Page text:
• A velvet hood with a flattened liripipe, lined in linen, with gold spangles  along the front edge, and this same edge was also finished in a 4 loop fingerlooped braid.
The 4 elements of this hood

The 4 elements of this hood

It is all held together with 3 pins (plus those used to secure the bronze band to the undercap), one at each corner of the velvet hood to attach this to the undercap, and one at the Crown of the head for extra stability, although this is only for extra security as the tension of the pieces, plus the friction from the linen keeps it together very well.

The hood on its own, liripipe outstretched

The hood on its own, liripipe outstretched

The thing I love about it the most is that it is simple, it’s elegant, it is easy to put on, it stays on my head, and it’s based on two extant items and a long visual history of women wearing hoods.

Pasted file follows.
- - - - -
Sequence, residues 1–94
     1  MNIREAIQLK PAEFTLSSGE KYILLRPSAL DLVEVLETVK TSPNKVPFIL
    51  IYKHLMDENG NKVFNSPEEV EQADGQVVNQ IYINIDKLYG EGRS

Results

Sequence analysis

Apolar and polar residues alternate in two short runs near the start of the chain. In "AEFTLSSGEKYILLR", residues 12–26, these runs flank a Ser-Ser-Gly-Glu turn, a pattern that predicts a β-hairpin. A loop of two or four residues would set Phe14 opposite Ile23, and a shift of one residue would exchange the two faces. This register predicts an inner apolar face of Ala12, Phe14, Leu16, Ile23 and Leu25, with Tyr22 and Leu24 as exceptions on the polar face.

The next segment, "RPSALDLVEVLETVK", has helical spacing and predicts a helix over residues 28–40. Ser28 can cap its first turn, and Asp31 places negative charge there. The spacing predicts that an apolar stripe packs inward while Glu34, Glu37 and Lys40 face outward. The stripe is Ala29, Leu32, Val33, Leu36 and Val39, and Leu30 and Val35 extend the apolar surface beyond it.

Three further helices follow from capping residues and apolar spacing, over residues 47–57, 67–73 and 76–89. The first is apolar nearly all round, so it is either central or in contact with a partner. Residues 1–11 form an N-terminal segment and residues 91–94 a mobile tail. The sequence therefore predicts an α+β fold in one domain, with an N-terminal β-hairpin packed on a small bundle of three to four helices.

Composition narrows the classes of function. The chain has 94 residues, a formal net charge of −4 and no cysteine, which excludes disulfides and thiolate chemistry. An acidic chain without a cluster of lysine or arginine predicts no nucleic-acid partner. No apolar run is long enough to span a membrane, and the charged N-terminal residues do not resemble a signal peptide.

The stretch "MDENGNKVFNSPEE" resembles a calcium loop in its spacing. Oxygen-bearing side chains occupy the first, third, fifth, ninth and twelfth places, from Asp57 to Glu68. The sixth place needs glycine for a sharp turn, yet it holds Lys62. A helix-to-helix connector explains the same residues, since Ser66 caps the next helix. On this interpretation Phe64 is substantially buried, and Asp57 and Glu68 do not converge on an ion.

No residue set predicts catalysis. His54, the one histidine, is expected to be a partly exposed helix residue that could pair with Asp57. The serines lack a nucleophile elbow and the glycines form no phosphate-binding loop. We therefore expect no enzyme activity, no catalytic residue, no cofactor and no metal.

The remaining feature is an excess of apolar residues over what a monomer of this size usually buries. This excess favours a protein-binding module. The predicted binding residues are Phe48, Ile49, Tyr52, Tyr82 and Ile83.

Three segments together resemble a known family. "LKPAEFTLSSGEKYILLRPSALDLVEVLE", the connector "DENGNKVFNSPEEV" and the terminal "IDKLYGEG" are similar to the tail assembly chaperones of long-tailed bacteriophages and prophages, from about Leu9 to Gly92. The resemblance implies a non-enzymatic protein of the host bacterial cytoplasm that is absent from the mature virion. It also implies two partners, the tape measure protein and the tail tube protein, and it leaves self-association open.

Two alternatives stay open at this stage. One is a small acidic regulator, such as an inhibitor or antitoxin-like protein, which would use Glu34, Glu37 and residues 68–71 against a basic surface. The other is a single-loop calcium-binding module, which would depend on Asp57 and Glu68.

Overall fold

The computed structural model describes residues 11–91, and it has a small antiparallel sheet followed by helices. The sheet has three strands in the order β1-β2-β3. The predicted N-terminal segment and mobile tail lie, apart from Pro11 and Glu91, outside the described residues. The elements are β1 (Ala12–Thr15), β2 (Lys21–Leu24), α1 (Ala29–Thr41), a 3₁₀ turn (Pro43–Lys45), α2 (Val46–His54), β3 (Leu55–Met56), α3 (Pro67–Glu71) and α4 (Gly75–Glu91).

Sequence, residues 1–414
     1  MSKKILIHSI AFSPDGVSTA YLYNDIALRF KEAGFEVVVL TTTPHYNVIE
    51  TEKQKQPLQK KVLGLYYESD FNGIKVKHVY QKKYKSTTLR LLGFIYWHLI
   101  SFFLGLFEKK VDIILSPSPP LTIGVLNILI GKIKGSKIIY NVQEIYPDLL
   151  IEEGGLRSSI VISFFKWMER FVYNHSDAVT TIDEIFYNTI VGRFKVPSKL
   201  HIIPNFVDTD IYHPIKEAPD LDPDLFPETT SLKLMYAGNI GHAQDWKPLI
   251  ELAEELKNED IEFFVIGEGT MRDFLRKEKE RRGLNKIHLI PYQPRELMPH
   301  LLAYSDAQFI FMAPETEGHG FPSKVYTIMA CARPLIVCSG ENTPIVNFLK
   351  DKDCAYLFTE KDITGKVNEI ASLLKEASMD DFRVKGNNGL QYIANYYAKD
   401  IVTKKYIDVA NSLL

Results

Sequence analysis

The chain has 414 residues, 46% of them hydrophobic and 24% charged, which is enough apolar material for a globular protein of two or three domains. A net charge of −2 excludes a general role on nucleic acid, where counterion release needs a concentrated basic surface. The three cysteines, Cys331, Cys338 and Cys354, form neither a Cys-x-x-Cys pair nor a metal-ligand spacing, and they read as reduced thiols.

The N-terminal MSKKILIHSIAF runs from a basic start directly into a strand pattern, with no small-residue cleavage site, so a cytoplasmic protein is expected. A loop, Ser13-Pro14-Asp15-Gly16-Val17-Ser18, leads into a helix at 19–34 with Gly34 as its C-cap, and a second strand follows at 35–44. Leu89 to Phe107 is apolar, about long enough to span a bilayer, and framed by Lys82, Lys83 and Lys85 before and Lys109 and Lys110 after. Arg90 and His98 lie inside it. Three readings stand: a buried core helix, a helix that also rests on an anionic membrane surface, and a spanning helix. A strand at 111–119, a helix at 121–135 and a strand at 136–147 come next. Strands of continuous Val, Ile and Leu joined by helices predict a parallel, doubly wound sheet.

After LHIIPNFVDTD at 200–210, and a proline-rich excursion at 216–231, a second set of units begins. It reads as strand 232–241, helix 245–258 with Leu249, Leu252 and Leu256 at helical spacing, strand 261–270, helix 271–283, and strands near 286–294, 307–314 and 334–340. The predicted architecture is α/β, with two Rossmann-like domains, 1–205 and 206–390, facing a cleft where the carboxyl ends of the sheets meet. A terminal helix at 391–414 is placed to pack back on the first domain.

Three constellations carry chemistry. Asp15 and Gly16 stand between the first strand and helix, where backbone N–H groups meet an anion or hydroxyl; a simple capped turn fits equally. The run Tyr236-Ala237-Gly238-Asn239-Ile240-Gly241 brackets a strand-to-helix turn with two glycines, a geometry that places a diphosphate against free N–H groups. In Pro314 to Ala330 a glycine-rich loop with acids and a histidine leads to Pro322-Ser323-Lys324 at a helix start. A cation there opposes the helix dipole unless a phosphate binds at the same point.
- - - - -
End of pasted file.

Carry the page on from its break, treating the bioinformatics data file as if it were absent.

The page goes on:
By the time of my ceremony it had slipped back slightly, but still looked fabulous:

During my ceremony. Photo by the lovely Amanda Swadling

During my ceremony. Photo by the lovely Amanda Swadling

I’ll post up dimensions for all these items soon, so you can make one as well if you like. I highly recommend this construction.

I’ll also post up a gallery of the dress as soon as I get some more photos back.


Hovetcleet Research Paper

“The Ill-Matched Lovers” from the studio of Jacob Cornelisz van Oostsanen, late 15th century

“The Ill-Matched Lovers” from the studio of Jacob
Cornelisz van Oostsanen, late 15th century

As promised back in February, here’s the 20 page research paper on the history, varieties and potential construction of the Hovetcleet (know in modern Dutch as a sluierkap).

It includes a visual survey of the change in the style of this item from the 1480s-90s through to the 1570s, as well as construction notes on the two versions that I have made in the past.